WHEN VIRGINIA high school students took the state's new competence test the first time, last fall, a good many failed. When they took it again last spring, the scores improved. It means that both students and school systems are beginning to take the test seriously. That's a healthy sign. These tests promise their greatest benefits to precisely those children who have failed them on these first rounds.
Beginning with the high school classes of 1981, students who cannot pass the test will not graduate. That may seem cruel, but ask yourself whether a high school diploma shouldn't represent something more than mere attendance. The tests are now identifying those children who risk, as seniors in the spring of 1981, remaining below the basic level of ability that the state has now set. Failing scores exert a pressure on both students and their schools to do something about it while there is time.
The tests are models of common sense. The reading section requires an ability to understand the directions on a bottle of medicine and the warranty limitations on a new stereo set. The student has to be able to fill out a job application. Surely those are necessary abilities for survival in America. The mathematical section requires a student to be able to write a check, and deduct it from the previous balance.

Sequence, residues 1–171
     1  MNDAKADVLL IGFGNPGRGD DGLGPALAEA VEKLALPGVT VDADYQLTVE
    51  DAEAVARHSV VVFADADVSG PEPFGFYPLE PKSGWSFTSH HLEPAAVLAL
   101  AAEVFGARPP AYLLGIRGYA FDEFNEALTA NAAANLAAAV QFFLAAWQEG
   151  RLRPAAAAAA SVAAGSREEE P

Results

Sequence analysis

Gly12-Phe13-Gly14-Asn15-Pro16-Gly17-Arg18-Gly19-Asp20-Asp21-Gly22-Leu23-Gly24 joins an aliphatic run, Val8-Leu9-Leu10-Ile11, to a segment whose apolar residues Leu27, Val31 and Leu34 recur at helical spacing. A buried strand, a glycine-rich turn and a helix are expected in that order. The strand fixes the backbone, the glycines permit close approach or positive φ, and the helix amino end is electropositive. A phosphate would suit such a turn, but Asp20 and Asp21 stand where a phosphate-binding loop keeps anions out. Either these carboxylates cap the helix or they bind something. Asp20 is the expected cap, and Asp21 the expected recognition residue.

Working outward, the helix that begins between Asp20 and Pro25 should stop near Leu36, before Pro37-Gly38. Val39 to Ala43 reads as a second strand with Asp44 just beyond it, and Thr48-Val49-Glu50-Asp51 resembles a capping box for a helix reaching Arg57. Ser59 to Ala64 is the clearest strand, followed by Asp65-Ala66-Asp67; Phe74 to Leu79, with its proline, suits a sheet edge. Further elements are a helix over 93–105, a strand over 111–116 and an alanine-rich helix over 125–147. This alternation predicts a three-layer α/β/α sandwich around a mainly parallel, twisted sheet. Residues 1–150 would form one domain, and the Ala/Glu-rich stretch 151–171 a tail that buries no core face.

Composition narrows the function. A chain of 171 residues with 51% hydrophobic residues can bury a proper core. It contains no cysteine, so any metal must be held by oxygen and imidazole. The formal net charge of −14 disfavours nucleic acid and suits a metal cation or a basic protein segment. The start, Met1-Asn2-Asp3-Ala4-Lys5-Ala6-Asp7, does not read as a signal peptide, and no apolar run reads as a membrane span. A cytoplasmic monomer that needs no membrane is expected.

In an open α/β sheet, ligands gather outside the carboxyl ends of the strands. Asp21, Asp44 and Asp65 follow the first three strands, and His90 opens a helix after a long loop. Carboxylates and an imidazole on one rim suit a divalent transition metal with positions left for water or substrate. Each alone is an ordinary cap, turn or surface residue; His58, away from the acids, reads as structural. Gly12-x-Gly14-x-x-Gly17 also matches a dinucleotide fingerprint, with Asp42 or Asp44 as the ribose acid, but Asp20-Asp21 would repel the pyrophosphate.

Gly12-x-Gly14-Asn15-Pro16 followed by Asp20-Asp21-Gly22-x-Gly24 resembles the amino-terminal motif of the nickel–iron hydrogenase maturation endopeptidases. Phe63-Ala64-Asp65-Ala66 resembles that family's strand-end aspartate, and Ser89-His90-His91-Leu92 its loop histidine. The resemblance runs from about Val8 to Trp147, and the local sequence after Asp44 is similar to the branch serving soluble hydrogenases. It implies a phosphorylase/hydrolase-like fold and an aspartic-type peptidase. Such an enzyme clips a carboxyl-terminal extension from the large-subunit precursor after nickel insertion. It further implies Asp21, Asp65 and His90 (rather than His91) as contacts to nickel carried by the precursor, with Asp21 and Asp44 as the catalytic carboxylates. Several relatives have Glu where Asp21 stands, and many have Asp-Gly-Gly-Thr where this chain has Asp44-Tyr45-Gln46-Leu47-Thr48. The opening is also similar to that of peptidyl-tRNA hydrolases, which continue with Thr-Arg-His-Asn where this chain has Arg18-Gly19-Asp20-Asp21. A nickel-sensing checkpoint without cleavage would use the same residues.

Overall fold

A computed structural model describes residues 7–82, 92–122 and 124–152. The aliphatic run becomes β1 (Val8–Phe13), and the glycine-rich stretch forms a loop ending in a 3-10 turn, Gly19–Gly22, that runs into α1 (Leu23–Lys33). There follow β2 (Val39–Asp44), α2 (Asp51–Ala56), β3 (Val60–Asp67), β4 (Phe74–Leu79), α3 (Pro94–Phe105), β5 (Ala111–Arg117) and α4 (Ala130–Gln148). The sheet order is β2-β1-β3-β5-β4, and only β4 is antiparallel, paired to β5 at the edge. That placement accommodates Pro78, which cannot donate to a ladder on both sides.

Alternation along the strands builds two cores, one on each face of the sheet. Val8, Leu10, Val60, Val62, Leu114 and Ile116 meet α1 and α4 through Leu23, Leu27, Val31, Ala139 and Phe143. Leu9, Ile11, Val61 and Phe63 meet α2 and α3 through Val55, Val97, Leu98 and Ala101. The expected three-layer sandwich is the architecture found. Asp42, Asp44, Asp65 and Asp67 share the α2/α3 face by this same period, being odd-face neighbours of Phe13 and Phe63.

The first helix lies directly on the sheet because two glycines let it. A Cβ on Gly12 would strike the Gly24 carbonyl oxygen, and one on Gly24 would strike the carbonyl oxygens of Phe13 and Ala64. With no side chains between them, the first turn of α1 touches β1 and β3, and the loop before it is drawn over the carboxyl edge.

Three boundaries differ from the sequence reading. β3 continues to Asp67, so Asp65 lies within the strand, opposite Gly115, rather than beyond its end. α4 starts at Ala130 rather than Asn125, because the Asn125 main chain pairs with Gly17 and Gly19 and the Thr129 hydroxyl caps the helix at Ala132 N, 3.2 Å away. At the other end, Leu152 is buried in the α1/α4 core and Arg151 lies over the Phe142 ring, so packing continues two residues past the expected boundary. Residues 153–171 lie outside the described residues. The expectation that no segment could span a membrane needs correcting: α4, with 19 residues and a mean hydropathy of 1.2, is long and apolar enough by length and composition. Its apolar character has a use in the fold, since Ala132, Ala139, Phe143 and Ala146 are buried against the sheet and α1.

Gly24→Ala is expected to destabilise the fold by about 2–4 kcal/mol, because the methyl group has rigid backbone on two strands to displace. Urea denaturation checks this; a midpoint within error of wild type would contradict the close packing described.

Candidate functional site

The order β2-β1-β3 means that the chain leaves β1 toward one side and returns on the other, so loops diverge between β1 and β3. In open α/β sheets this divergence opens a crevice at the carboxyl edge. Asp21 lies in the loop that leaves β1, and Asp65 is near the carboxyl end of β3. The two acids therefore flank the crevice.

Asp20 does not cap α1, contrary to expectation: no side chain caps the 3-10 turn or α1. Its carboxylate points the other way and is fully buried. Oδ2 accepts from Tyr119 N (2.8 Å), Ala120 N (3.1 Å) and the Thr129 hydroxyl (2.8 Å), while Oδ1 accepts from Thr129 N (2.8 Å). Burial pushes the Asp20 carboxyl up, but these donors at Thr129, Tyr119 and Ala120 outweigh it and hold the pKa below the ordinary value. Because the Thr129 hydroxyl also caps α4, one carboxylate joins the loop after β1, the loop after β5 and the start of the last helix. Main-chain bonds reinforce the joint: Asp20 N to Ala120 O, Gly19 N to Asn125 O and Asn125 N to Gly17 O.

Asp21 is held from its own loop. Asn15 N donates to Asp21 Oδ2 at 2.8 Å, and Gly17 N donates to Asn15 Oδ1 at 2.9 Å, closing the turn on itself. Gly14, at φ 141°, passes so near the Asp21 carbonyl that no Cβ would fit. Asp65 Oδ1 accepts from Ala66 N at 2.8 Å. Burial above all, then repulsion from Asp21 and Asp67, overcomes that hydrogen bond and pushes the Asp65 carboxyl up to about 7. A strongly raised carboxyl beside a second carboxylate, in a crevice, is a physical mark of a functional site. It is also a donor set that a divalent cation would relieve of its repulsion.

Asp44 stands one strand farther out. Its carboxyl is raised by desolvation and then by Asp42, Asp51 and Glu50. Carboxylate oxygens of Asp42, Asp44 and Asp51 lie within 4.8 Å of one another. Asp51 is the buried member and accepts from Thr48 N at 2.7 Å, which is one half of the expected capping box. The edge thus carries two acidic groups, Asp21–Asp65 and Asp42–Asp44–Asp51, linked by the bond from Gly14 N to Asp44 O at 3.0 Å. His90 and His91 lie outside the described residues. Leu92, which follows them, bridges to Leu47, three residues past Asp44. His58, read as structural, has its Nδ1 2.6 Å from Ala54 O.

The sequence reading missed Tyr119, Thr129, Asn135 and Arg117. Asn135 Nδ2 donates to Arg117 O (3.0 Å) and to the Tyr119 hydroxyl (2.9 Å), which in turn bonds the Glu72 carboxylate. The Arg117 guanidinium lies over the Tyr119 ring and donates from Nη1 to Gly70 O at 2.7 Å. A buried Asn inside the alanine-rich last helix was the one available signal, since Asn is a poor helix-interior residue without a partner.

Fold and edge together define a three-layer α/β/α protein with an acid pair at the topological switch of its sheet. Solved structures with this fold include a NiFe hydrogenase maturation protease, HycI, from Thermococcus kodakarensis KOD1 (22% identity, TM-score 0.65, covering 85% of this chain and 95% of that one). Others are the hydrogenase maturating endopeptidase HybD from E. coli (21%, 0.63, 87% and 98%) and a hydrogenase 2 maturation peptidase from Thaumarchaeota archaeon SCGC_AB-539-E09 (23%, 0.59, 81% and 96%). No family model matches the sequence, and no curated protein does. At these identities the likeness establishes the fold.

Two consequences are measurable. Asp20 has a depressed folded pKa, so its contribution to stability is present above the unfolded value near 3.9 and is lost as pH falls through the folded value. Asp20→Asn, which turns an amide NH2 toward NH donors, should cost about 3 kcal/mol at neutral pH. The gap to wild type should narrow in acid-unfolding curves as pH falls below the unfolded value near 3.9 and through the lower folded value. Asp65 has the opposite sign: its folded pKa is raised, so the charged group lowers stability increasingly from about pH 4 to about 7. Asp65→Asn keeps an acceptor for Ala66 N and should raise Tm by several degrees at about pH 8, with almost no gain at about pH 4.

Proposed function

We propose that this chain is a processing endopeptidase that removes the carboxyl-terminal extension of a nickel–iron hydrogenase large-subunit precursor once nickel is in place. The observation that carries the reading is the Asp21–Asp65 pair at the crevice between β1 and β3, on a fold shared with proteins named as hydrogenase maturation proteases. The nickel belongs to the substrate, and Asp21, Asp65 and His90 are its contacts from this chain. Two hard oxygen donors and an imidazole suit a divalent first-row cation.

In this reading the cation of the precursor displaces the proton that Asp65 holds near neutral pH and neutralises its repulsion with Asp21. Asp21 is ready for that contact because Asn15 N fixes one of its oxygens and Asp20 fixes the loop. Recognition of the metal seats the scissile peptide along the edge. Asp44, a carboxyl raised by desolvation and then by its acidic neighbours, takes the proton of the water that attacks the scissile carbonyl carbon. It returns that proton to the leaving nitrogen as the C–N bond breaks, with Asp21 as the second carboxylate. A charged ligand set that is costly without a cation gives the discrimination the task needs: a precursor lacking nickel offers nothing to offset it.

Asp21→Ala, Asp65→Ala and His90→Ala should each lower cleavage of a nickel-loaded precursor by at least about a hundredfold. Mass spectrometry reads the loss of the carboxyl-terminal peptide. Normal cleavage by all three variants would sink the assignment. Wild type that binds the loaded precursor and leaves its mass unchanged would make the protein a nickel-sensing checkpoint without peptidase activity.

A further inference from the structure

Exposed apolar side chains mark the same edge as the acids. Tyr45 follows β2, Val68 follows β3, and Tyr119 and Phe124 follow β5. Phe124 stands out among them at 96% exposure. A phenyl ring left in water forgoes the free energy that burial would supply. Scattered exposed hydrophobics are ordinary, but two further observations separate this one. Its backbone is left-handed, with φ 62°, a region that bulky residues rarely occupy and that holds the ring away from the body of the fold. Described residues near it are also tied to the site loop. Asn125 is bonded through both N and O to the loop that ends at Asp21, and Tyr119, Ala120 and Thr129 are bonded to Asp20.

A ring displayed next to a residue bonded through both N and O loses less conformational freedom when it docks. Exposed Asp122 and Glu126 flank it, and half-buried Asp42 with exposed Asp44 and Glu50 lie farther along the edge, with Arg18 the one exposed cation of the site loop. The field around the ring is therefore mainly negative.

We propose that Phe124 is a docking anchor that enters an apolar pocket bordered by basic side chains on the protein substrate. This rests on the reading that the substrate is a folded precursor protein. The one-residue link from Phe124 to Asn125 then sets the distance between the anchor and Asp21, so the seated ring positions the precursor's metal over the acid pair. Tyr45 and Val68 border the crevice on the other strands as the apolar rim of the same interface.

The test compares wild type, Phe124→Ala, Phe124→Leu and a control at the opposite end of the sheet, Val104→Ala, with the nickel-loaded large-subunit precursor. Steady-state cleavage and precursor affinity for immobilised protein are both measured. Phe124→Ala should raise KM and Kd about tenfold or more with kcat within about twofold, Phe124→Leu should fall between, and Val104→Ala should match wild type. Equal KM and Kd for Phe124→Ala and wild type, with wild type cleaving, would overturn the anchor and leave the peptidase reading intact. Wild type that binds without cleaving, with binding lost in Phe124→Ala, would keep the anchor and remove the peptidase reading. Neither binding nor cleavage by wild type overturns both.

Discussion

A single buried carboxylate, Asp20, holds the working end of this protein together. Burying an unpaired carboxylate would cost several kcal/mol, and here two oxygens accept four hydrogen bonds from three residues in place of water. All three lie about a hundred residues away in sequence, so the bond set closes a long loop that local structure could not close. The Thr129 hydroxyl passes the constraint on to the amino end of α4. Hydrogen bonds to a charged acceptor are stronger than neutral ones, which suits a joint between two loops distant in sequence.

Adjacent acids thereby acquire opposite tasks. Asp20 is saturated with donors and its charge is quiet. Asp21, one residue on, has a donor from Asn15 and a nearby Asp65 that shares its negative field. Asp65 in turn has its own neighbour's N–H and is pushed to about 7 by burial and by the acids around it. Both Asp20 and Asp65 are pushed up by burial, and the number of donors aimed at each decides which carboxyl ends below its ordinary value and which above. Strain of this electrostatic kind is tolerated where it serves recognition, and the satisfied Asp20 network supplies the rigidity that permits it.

A lot of youngsters had trouble with the checkbook question. It turned out that they had never seen checkbooks. Some of the school systems have hastily put the checkbook into their math curriculum, a simple improvement that serves several useful purposes at once.
Failure rates are higher among black students than among whites. Some of the civil-rights organizations question whether the test is not culturally biased. The answer is, yes, it is biased -- but it is in favor of the culture in which all Americans earn their livings and spend their money. The test doesn't measure children's personal worth, or intelligence. It is a device to see only whether the student, with the help of the school, has learned the basic abilities required to deal with a complicated and not always friendly world.
In Prince Edward County, with its predominantly black enrollment, barely half of the students passed both parts of the test the first time. In response, the schools there sharply revised their program and, in the spring, 90 percent passed. If a small, rural county can make such remarkable improvements, there is little reason for the school systems of Northern Virginia to remain content with the rather unimpressive scores that their students have achieved so far.